The Construction Playbook
HM Government published The Construction Playbook, Government Guidance (Guidance) on sourcing and contracting public works projects and programmes in December 2020. That guidance, although developed through a collaboration of the public and private sectors, is principally concerned with the public sector building and infrastructure programmes. Nevertheless, it also can be applied, in part, to the private sector. The public sector is defined as central government, including arm’s length bodies, which must either comply or explain any divergence from the Guidance. The wider public sector, including local authorities, are encouraged to take account of the Guidance.
The Guidance refers to 14 Key Policy areas, and key activities, within the procurement stages. It sets out reforms and actions, which it is believed, will have the greatest impact in improving how public works programmes and their projects are delivered. The Guidance contains best practice for specific topics that relate to fulfilling those policy objectives.
Not all parts of the Guidance apply equally across the construction industry as some are only relevant for clients with a publishable 3-5 years’ programme of work. Something that is relevant to areas of the public sector, to which it principally applies, but not necessarily to the private sector, which it wishes to influence. Long term programmes are often more problematic for the private sector, where plans are more difficult to determine because of economic circumstances and commercial sensitivity.
JCT supporting the objectives of the Construction Playbook
JCT recognises there is no singular approach to procurement; good practice can be inherent in various solutions for differing projects and participants. JCT’s raison d’etre is to produce standard contracts, using standard contract terms, to meet various construction procurement routes. It also produces other documents, such as, Practice Notes on Tendering, and BIM, guidance note on Sustainability, and documents such as the Project Bank Account. All which reflects good practice that is aligned closely to the Guidance.
The collaborative work of JCT embraces all the principal sectors of construction, and consequently prepares documentation to assist a wide range of client bodies with differing requirements, which range from the traditional to the modern partnering style arrangements for construction procurement. In fulfilling those diverse procurement requirements, it seeks fairness in terms of risk apportionment for each procurement route. All of which is compatible with the Construction Playbook, and to a significant extent aligns itself with its objectives. Although not all the Construction Playbook objectives fall directly within the remit of JCT e.g., commercial pipelines, market health and capability assessments, portfolios and longer term contracting, JCT synthesises such issues in the production of its contract suite and associated documents.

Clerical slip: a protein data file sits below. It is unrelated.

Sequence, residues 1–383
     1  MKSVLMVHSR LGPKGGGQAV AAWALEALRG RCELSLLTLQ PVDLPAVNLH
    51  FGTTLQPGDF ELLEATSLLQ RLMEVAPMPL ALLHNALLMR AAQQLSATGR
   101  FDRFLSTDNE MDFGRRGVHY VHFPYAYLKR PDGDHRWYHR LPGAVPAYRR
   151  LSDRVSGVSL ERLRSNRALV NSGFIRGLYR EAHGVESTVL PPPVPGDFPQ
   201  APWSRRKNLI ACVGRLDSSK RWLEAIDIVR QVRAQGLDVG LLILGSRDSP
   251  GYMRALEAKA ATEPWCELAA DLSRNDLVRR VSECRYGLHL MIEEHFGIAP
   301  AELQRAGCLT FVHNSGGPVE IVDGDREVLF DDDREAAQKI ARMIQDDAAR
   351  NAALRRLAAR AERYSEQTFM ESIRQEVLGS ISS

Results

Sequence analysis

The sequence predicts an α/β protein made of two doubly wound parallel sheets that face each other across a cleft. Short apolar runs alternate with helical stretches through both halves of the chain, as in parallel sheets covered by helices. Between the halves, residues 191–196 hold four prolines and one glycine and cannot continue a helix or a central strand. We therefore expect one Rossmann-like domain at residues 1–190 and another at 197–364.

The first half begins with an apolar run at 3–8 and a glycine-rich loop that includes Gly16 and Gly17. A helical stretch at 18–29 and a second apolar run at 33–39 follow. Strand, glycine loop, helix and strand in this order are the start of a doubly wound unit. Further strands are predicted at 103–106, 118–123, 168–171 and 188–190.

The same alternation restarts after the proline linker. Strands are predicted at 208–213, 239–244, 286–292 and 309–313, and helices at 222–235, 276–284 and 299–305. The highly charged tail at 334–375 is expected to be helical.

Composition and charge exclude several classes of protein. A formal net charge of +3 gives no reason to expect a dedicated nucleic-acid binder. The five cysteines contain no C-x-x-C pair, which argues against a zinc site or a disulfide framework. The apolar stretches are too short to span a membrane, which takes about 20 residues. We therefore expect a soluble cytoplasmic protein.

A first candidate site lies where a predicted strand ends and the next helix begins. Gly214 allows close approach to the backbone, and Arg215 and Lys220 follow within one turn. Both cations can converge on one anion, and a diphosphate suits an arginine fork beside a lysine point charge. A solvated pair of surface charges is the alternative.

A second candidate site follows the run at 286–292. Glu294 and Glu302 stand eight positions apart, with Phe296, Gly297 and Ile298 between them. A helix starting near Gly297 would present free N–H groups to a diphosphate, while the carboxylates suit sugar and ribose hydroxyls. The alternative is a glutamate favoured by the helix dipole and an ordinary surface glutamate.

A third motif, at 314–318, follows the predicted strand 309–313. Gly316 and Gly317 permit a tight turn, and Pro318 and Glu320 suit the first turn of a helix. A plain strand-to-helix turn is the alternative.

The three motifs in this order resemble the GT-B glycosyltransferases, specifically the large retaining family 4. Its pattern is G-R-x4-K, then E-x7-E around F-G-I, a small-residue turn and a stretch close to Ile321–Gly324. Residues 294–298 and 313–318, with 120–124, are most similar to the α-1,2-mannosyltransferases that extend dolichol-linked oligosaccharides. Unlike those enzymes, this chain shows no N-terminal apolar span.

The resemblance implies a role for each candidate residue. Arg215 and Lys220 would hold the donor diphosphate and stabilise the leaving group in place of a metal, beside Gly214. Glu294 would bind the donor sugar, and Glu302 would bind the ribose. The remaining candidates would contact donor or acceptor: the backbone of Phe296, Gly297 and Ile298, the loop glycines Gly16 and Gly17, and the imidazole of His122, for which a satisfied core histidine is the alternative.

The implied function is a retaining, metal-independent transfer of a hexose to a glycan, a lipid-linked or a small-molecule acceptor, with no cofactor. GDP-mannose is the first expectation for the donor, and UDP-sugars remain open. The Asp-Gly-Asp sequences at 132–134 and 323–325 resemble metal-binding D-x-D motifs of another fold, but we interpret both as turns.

Individual JCT contracts meet specific objectives of the Construction Playbook
The 14 Key Policy areas of the Construction Playbook embrace a wide range of construction activity. The underlying message is one of improving life cycle value by establishing an outcome-based approach within a framework of sustainability, fairness, and improved timescales primarily through greater use of off-site manufacturing. Its achievement depends upon many factors and, consequently, will produce different procurement routes. The common factors being the adoption of good practice and improved productivity; matters for which JCT is wholly supportive.
The Construction Playbook policy areas and activities, within JCT’s remit, shows the extent of alignment within JCT documents.
Early supply chain and a contract for such involvement
JCT variously provides for early supply chain involvement. This is achieved by utilising the Pre-Construction Services Agreement (General Contractor) and the Pre-Construction Services Agreement (Specialist), as part of a two-stage tender in conjunction with a principal building contract from the JCT suite e.g., Design and Build Contract, Major Project Construction Contract, Construction Management Contract. Alternatively, by using the Constructing Excellence Contract, which can be used throughout the tiers of the supply chain; part 4 of its Contract Particulars makes specific reference.